Woodcarvings from Gröden
Even before Gröden has become a renowned holiday destination in the Dolomites, Gröden Valley was already known for its elaborate woodcarvings.
In the past, Gröden Valley in the Dolomites was largely cut off from the outside world and the majorly rural population used to carve artworks out of wood during the long winters. As well, the woodcarvings ensured an additional income and the tradition was passed from generation to generation.
First written evidence of woodcarvers from Gröden date back to the 17th century: Christian Trebinger and Melchior Vinatzer both realized impressive Baroque works for the churches St. Christina and St. Ulrich – from crosses and holy figures to cribs and altars. The woodcarvings had become more and more popular and distribution was organised in a better way. By 1850, half of the inhabitants in the valley, worked as woodcarvers. They realised clerical as well as profane works. For instance, the famous “Grödner Gliederpuppen”, typical jointed dolls, were even exported to America.
Museums & exhibitions
An overview of the woodcarving tradition in Gröden during the last centuries, including cribs and many other products, offers Museum Gherdëina in St. Ulrich. However, if you are interested about modern woodcarving art from Gröden, you should visit the congress centre in St. Ulrich: Here, the permanent exhibition ART52 shows the variety of woodcarvers and artisans from Gröden every day. Also, there is the UNIKA group: Many artists and artisans of this association present their works each year on the "UNIKA" Sculpture Fair.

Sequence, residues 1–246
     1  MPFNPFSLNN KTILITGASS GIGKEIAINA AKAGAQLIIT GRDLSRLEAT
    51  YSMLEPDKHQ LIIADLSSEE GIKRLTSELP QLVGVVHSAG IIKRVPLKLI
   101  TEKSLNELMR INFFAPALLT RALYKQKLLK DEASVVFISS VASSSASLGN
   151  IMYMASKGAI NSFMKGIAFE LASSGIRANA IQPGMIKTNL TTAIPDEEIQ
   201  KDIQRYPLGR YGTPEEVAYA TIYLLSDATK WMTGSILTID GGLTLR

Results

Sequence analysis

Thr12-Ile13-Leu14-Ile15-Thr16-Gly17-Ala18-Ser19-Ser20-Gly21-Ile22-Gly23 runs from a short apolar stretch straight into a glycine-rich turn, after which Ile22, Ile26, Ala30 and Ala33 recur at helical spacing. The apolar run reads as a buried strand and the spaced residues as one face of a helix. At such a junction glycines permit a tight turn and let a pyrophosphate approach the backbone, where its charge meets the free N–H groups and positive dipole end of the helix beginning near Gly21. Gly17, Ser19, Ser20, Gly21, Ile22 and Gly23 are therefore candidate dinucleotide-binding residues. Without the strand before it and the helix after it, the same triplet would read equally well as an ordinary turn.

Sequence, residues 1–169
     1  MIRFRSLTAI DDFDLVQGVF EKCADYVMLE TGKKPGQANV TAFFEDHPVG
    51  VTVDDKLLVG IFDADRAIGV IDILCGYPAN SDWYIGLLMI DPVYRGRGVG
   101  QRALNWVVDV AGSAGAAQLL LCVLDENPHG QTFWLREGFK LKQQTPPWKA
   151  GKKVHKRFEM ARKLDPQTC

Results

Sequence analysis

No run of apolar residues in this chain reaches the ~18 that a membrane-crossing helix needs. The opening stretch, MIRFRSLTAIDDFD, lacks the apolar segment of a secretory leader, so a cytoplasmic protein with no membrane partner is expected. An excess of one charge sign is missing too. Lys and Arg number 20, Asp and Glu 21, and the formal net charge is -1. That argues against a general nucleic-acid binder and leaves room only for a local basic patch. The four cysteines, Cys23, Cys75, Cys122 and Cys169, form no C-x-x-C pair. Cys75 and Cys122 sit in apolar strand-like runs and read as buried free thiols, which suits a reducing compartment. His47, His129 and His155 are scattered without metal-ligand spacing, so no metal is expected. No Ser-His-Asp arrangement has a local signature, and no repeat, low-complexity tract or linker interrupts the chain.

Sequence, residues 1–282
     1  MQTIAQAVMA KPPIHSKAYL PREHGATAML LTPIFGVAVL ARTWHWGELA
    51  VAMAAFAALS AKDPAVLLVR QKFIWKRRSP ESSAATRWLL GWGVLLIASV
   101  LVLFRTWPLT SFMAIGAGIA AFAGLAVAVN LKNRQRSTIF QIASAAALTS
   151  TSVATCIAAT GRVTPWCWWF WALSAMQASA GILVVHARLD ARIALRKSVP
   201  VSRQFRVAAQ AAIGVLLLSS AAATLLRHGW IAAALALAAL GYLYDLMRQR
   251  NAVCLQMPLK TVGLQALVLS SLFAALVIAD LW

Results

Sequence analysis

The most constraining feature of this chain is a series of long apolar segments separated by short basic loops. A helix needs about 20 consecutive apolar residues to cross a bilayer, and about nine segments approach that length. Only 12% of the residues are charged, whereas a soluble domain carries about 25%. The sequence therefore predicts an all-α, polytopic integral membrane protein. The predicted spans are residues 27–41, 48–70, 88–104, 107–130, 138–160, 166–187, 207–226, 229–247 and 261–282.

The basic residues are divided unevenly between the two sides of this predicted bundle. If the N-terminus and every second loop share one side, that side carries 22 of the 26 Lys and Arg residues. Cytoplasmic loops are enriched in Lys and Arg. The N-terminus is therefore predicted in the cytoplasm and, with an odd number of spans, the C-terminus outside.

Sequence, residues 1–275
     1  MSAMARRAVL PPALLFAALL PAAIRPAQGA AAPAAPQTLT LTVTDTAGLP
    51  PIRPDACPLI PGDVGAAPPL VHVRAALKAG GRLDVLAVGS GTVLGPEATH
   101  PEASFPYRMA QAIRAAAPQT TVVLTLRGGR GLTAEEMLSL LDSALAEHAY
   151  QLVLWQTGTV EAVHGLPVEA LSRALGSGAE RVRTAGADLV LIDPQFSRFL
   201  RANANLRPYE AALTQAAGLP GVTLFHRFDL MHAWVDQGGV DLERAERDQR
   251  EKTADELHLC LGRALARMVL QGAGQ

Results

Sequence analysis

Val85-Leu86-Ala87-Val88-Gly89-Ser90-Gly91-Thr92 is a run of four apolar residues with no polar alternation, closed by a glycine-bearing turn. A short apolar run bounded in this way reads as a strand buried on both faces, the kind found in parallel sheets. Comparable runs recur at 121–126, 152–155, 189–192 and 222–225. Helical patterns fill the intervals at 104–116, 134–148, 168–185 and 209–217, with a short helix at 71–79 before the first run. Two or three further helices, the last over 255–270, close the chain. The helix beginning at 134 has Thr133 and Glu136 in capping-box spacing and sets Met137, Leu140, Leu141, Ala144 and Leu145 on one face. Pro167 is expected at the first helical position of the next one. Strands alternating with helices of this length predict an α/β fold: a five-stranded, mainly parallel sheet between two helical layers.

Tradition and present
Together with Lajen at the entrance of the valley, Gröden has remained a centre of the woodcarving art. However, other regions such as Ahrntal or Sarntal have woodcarvers too. For purely handmade carvings from South Tyrol, there is a seal of approval. As well, there is the brand Gardena Art for products which are 100 % made in Gröden and following the traditional woodworking criteria.